Globalisation must be controlled.
How about putting the emphasis on fair trade and democracy?
The fat white kids who protest in Seattle are just like tourists at a "demo" theme park. They no more care about kids in the 3rd world, then they care about the welfare of the cat in Tom and Jerry cartoons.
We should remove the trade barriers that prevent poor countries from getting richer. Vested interests whinge on about issues like child labour, but why do parents in poor countries send their kids to factories? Is it because they are evil, or don't love them ?
No. It is because they're poor. The fat white kids got education (and tickets to Seattle) because their parents were rich.
Steve de Weijer, Belgium
I work hard for every penny I earn and am not going to give it away to some other country so they can waste it on arms! This money will not help the people it was meant for.
The World Bank and the IMF have been responsible for cultivating a suitable environment for the multinationals to raid the Third World. This takes the form of interest rate deregulation that puts economies like Kenya's at the mercy of multinational banks and agricultural concerns exploiting cheap labour.
It is interesting to see the "capitalists are the reason why poor countries stay poor" brigade's view, as it does not reflect reality. Many of the so-called poor countries are that way because their rulers are corrupt, self-serving individuals, whose only goal is to amass power and wealth - e.g. Mugabe. Removing these individuals will have a much more dramatic effect than blaming multinationals.
The world population is exploding by 70 million a year and mother
nature can't be bought. Fundamentals first then a business plan.
The reason some are rich and some are poor has less to do with an unequal distribution of capital than it does with an unequal distribution of capitalism. Make no mistake: "Economic Democracy" is nothing more than the failed ideals of socialism in a new package.
There is one, and
precisely only one,
set of Third World
peoples who are
They are the ones
who have emigrated
to live in the evil
Keith Francis, England
As long as the global economy continues to be based on capitalism and not democracy, the rich will continue to get richer and the poor will continue to get poorer.
Globalisation works wonderfully. Since it started the economic gap between the 20 richest and 20 poorest countries has increased at least two-fold. This of course is fantastic news for the big multinationals and western based countries that rely on cheap labour from the (apparently) developing world. As I said, globalisation is working, just not for the people who it affects most.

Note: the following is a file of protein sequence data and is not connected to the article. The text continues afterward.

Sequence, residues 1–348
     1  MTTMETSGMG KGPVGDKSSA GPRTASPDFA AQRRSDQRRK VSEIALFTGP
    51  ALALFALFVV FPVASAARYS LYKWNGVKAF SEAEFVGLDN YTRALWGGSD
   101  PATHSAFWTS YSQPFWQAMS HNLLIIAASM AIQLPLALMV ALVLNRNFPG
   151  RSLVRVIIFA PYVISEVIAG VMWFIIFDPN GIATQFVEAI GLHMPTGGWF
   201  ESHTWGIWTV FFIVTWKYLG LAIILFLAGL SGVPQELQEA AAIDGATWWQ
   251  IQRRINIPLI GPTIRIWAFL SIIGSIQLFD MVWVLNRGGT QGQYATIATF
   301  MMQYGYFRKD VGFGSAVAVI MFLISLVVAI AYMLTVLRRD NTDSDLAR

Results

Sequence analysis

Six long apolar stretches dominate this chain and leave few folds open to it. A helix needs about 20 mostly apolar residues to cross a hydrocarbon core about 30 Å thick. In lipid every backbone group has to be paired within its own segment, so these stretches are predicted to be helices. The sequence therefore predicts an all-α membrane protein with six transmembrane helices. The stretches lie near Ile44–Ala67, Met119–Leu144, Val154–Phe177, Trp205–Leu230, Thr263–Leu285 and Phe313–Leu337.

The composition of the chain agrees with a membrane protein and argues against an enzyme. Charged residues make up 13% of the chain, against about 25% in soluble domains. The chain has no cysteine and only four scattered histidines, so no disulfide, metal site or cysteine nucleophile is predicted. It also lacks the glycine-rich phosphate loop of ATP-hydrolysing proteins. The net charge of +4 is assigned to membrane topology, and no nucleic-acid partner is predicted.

Now the WTO is discussing the forced privatisation of public services world-wide. None of us can vote to change this institution and our elected representatives are excluded from their deliberations. They are running the world without a mandate, and our government seems quite happy to go along with this.
Stimulating commerce is the only way to help poorer countries get richer. Unfortunately the man on the street in most of these countries is being exploited by both multinationals and corrupt Third World governments, who are only intent on making themselves richer. And the really sad thing is that when it comes down to it, most people in developed countries (myself included) don't give enough of a damn to do anything about it.
Obongita Okumu, Kenya
The governments are the cause of the poverty in most poor countries therefore helping any of them is only equivalent to boosting the poverty and filling the pockets of a few.
The global economy can only help the poor if there is a 'level playing field' i.e no subsidies, no quotas, no preferential treatment for rich countries. Some hope of the WTO, dominated by global (especially US) corporations arriving at that situation.
It is ironic that while many countries want to enter and participate in the "new age" of the global economy, they don't want to follow the rules that make it work! That is, understanding and implementing "Economics 101" whereby one finds one's economic advantage which, certainly at the beginning, will be cheap labour. They then need to invest the proceeds of the people's endeavours in a decent education system, basic communication infrastructure, and building a future full of hope for the next generation. Investing in a decent justice system helps the confidence of the people, too ... corruption seems to be the bain of these countries. Just handing out (western) money for a new Third World band-aid does not help cure the underlying problem.
Brendan Fernandes, UK
The "I'm alright" attitude may be selfish but the problem is that we're not "alright" while people are still dying from influenza and other causes which would be curable if there were enough beds available in our hospitals.
Before this can be answered, we need to step back and ask "What global economy"? The rich get richer while the poor get poorer and we (un-Great Britain) sit in the middle handing it out and getting poorer ourselves! Is this what an economist does - imbalance figures? It certainly does not help this country!
Stuart, Reading , UK
The only people that benefit from globalisation are the stockholders. Smaller people have no voice, no rights and each one of us on this page should realise that if we stand in the way of big business we are the ones that will lose. Big business has no concern for the environment and they dictate terms to governments or they lay off thousands if they can't get their way. What hope is there for the poorer nations on earth what can Tony do if big business doesn't allow it - nothing! What we need is a sharp correction in the global economy to remove these credit filled commerce balloons and get back to a correct way of trading.
Michael Grazbrook, UK
I can only say this. It is an illusion to say that the global economy is going to help the poor. The global economy isn't in the power of the people who it's supposedly helping, it's in the power of a few corporate leaders. That alone should make one question what's really at stake.